A lot of time and energy has been spent debating the future of Big Tech, and what could ─ and should ─ happen if they were to be broken up. Whether you support or oppose more regulatory and anti-monopolistic measures, there is no doubt the impact of such steps would be huge.
For small businesses that rely on Big Tech cloud and security services, the possibility of disruption to how those services are delivered is a major consideration.
How can small businesses prepare their data protection capabilities in the event of a Big Tech shake-up, and what are some privacy and data repercussions worth planning for?
Let’s take a look.
The scope of Big Tech
Big Tech, consisting of Facebook, Microsoft, Google, Apple and Amazon, are now collectively worth almost $10 trillion, almost a quarter of the combined $41.8 trillion market cap of the entire S&P 500.
The current stock market value of these Big Five companies is more than the value of the next 27 most valuable U.S. companies combined, and that includes Tesla, Walmart and JP Morgan Chase.
As a whole these five companies control or exert tremendous influence over a comprehensive piece of modern life: social media, retail, cloud computing and storage, online search, digital advertising, news, mobile apps and more.
Securing data and clouds
The scope and gravity of these companies is undeniable, and partially explains the call for new regulatory measures amid their growing power.
But for smaller companies who depend on Big Tech for security and cloud services, new regulations would require a new approach to protecting their sensitive data. Thinking strategically about data protection is a must in this time of increasing digital threat.
And while no drastic changes are imminent, small business owners should start asking themselves how to best prepare a data protection plan that can respond to change.
Here are a few crucial ways to think about data security’s possible evolution in the coming years.
Big Tech breakup or not, data protection must be a top priority
Every single business must fully accept and reckon with this: cybersecurity attacks and the criminals behind them do not discriminate.
Smaller companies are just as likely to suffer an attack as a large enterprise, but the ramifications for the smaller company can be more severe.
A data breach, a ransomware event, any one of these incidents can put a small company out of business for good.
A company's security needs vary depending on the products and services they offer, but Alex Balan, Security Research Director at Bitdefender, sees a uniform problem regardless of size.
Says Balan: “With or without a Big Tech breakup, companies, big and small, should invest in improving information security and protecting consumer personal information. Cyberthreats aren’t going away anytime soon, they’re improving and adapting. Personal data is the new gold, and everybody wants a piece.”
Expect a shift in security accountability ― and innovation
One of the most dramatic ramifications of a Big Tech shakeup is the reimagining of responsibility.
Instead of relying solely on services provided by others, the onus for securing client data will fall more squarely on smaller businesses themselves.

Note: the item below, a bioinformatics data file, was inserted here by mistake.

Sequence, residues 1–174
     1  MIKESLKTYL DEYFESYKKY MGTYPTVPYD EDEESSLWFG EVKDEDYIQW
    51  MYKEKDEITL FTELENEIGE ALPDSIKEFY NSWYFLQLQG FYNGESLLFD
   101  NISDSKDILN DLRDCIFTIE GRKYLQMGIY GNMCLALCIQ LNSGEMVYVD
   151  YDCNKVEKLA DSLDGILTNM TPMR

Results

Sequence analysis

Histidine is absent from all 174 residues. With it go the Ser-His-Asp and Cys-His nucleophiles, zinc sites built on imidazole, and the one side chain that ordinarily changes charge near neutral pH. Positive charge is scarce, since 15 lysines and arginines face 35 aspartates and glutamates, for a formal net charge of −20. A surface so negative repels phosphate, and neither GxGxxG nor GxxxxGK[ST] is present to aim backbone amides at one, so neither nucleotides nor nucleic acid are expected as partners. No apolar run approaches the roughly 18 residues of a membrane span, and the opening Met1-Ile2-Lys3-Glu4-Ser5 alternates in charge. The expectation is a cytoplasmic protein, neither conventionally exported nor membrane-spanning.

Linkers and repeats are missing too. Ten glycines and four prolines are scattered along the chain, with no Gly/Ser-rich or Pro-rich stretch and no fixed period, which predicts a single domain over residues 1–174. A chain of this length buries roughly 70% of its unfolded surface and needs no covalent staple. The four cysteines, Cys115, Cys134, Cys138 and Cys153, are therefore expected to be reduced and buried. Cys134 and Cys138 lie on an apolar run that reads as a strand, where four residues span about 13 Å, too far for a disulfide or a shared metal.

This shift will push smaller companies to assume a more proactive role in protecting their data, which is both a daunting ―and potentially innovative― opportunity.
As Balan sees it, this would force companies to chart a new technological path forward.
Says Balan: “Today’s information security threats are the same for both big and small companies. The only difference is big companies already have the experience and resources to manage them, while small businesses must embark on a journey of reinventing themselves.”
This reinvention would require prioritizing creative security measures that make sense for the company while remaining financially feasible. Accomplishing this is doable but certainly challenging.
Balan continues: “This can prove to be a golden opportunity for innovation, but it also raises concerns as the surface of attack increases significantly.”
“Breaking up big tech companies means that smaller companies must step up and take responsibility in front of their clients.”
A new landscape demands a new mindset
Adjusting to a new security landscape demands a mentality that can accept change and is willing to adapt accordingly.
Or as Balan puts it: “companies have to adapt quickly, both technically and mentally, if they want to survive.”
Being flexible enough to adapt to new challenges and adopt new strategies begins with embracing a mindset that understands change is inevitable.
A successful data protection approach has to be accountable in this way.
Prepare for tomorrow today
Expecting a Big Tech break-up might be overzealous, but smaller businesses need to prepare nonetheless.
Prioritizing consumer data protection is a proper place to start, and following that with a desire to find a suitable security option that fits the specific needs of your business is next.
The foundation of any approach is an organizational mentality of innovation and adaptation. As smaller companies look ahead, they need to be ready to take on more responsibility for their clients' data and their own role in protecting it.
Find out more about Bitdefender's solutions tailored to small businesses.